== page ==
Why Kamala Harris and ‘Firsts’ Matter, and Where They Fall Short

Kamala Harris will forever have “first” attached to her name — the first woman, the first Black American and the first person of South Asian descent to serve as vice president of the United States.

If the Biden administration’s choices for cabinet members and senior officials are approved, many of them will also be firsts — including the first Black, Latino, Native American, female and openly gay and transgender leaders to serve in various positions. Read more>>>

COVID Is Pushing Black Mothers Out of the Workforce at a Staggering Rate

That the burdens of COVID-19 are not borne equally by all has been apparent from the beginning. Vox reported last month, for example, that Black Americans infected with the virus are dying at twice the rate of white Americans. In July, the New York Times found that Black and Latinx residents of the United States were three times as likely to become infected as their white neighbors. And this week, a new report found that amid all the economic chaos caused by the pandemic, Black women with children are being forced out of the workforce at rates far higher than any other group. Read more>>>

Anita Hill-Led Hollywood Commission Details Sexual Harassment Claims in Industry Workplaces

In its latest survey, the Hollywood Commission, an organization chaired by Anita Hill, found that gender harassment, or offensive workplace talk, is the most common type of harassment in the entertainment industry. Read more>>>

Anita Hill-led survey finds 20 percent of women and 10 percent of men have been sexually assaulted in entertainment

Anita Hill knows how sexual harassment can upend a career.

The lawyer who testified that Supreme Court Justice Clarence Thomas had sexually harassed her saw her reputation vilified and story questioned in the national media. So as head of the Commission on Sexual Harassment and Advancing Equality in the Workplace, Hill’s assessment of the Hollywood Survey carries a particular weight. Read more>>>

Nurses Are at High Risk for Covid Among Health Workers, C.D.C. Says

Among health care workers, nurses in particular have been at significant risk of contracting Covid-19, according to a new analysis of hospitalized patients by the Centers for Disease Control and Prevention. Read more>>>

Thank You, RBG

In 1971, I interviewed a young doctor in Michigan who had been working as an ER physician but wanted to open her own medical practice. She applied for a bank loan, and was duly informed she needed her husband’s signature in order to get the loan.

Mind you, the doctor was earning a substantial salary at the time; her husband was unemployed, but no matter. She had to get his signature. Read more>>>

Letters from an American

The big story today is big indeed: how and when the seat on the Supreme Court, now open because of the death of Justice Ruth Bader Ginsburg on Friday, will be filled. Senate Majority Leader Mitch McConnell (R-KY) announced within an hour of the announcement of Ginsburg’s passing that he would move to replace her immediately. Trump says he will announce his pick for the seat as early as Tuesday.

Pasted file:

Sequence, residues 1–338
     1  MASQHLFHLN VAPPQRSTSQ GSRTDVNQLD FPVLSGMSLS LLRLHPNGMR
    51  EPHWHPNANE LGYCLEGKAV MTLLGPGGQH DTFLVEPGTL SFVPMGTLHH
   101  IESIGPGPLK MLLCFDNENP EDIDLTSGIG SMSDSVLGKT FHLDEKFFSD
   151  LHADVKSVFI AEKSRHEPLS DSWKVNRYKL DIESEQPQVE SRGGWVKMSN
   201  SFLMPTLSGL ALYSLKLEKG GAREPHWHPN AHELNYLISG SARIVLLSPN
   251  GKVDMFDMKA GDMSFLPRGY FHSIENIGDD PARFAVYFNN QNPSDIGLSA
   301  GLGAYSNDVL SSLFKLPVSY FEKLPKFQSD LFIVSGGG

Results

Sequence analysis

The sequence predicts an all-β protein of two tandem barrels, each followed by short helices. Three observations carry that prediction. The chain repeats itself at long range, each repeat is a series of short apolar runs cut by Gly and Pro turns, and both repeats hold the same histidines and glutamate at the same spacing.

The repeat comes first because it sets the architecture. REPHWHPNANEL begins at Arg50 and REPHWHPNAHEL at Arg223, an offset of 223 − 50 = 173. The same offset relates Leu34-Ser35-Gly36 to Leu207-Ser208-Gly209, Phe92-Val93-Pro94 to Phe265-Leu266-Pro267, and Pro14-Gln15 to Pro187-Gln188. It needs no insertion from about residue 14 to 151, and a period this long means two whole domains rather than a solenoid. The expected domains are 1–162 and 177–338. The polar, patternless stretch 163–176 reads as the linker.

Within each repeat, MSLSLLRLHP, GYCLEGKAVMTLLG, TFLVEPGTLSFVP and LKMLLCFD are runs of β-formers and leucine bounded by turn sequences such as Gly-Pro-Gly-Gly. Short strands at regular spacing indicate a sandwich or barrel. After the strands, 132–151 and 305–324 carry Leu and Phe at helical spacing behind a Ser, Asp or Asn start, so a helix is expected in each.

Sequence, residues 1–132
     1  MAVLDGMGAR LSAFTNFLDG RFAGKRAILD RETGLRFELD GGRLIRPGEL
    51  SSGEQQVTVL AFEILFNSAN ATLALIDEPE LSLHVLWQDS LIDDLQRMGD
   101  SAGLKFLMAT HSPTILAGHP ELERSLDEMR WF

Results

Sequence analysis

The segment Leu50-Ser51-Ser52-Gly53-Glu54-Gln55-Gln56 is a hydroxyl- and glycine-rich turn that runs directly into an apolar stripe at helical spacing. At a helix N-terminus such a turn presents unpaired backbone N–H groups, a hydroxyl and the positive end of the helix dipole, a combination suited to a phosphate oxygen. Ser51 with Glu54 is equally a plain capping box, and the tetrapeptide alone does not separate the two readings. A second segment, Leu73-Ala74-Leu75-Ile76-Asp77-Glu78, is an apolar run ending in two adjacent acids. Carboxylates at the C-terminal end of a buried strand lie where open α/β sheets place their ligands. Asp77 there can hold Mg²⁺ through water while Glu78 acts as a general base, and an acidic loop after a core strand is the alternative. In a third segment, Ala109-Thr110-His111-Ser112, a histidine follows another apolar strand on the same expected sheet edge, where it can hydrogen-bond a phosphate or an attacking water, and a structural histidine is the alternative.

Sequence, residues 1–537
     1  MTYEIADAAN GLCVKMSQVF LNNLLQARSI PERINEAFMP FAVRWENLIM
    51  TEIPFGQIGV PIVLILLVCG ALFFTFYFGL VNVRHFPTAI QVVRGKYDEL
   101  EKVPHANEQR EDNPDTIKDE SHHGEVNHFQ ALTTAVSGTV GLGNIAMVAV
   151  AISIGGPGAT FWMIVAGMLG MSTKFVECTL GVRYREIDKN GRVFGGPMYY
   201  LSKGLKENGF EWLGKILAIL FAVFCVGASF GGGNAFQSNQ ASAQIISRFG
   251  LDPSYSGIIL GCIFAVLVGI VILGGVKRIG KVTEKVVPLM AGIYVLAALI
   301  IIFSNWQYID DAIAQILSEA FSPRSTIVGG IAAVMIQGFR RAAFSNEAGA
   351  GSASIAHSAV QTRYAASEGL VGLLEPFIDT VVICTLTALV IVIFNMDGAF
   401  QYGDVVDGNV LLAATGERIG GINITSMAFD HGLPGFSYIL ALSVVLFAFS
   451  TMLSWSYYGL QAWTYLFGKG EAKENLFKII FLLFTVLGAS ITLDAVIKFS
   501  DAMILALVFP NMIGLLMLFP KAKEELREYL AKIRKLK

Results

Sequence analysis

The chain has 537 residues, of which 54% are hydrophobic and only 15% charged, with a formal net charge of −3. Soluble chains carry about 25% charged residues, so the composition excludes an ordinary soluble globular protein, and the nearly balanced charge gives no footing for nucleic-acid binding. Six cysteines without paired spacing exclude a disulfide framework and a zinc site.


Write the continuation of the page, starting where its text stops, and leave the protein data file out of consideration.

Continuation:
Democrats are crying foul. Their immediate complaint is that after Justice Antonin Scalia’s death in February 2016, McConnell refused even to meet with President Barack Obama’s nominee, Merrick Garland, on the grounds that it was inappropriate to confirm a Supreme Court justice in an election year. He insisted voters should get to decide on who got to nominate the new justice. This “rule” was invented for the moment: in our history, at least 14 Supreme Court justices have been nominated and confirmed during an election year. (Three more were nominated in December, after an election.) 

There is a longer history behind this fight that explains just why it is so heated… and what is at stake. Read more>>>

These moms have a lot in common but faced a big difference: One got paid maternity leave and one didn’t

Shaylene Costa is a medical assistant who lives in Rhode Island. Dominique Jett is a health-care supervisor in Las Vegas.

Both are Black women, married and employed full time in the health-care industry. Each was thrilled when they found out they were expecting their first child. Both experienced difficult pregnancies and complications at birth.

But once they delivered, their paths diverged: One had paid family and medical leave and one didn’t. Read more>>>

The Key to an Inclusive Recovery? Putting Women in Decision-Making Roles

Phumzile Mlambo-Ngcuka pounds the table for women and girls.

As she speaks, it’s like a drumbeat — how girls need to complete their education, how they need access to technology, how child marriage and pregnancy will set a girl on a path of economic hardship. You can hear it as she points to girls who are trafficked — “you know they are lost to society and their rights will be violated in unimaginable ways.” And you can hear it as she speaks of the cycles of violence, abuse and poverty that trap women and girls for life. If they raise their voices, the outcomes may be more dangerous than if they stay silent. Read more>>>

What Will It Take to Achieve Gender Equality in American Politics?

In the past century, since the passage of the 19th Amendment gave women the right to vote, Americans developed nuclear bombs, traveled to space and invented the Internet. But the country has not come even close to achieving equal representation for women and men in politics. Read more>>>

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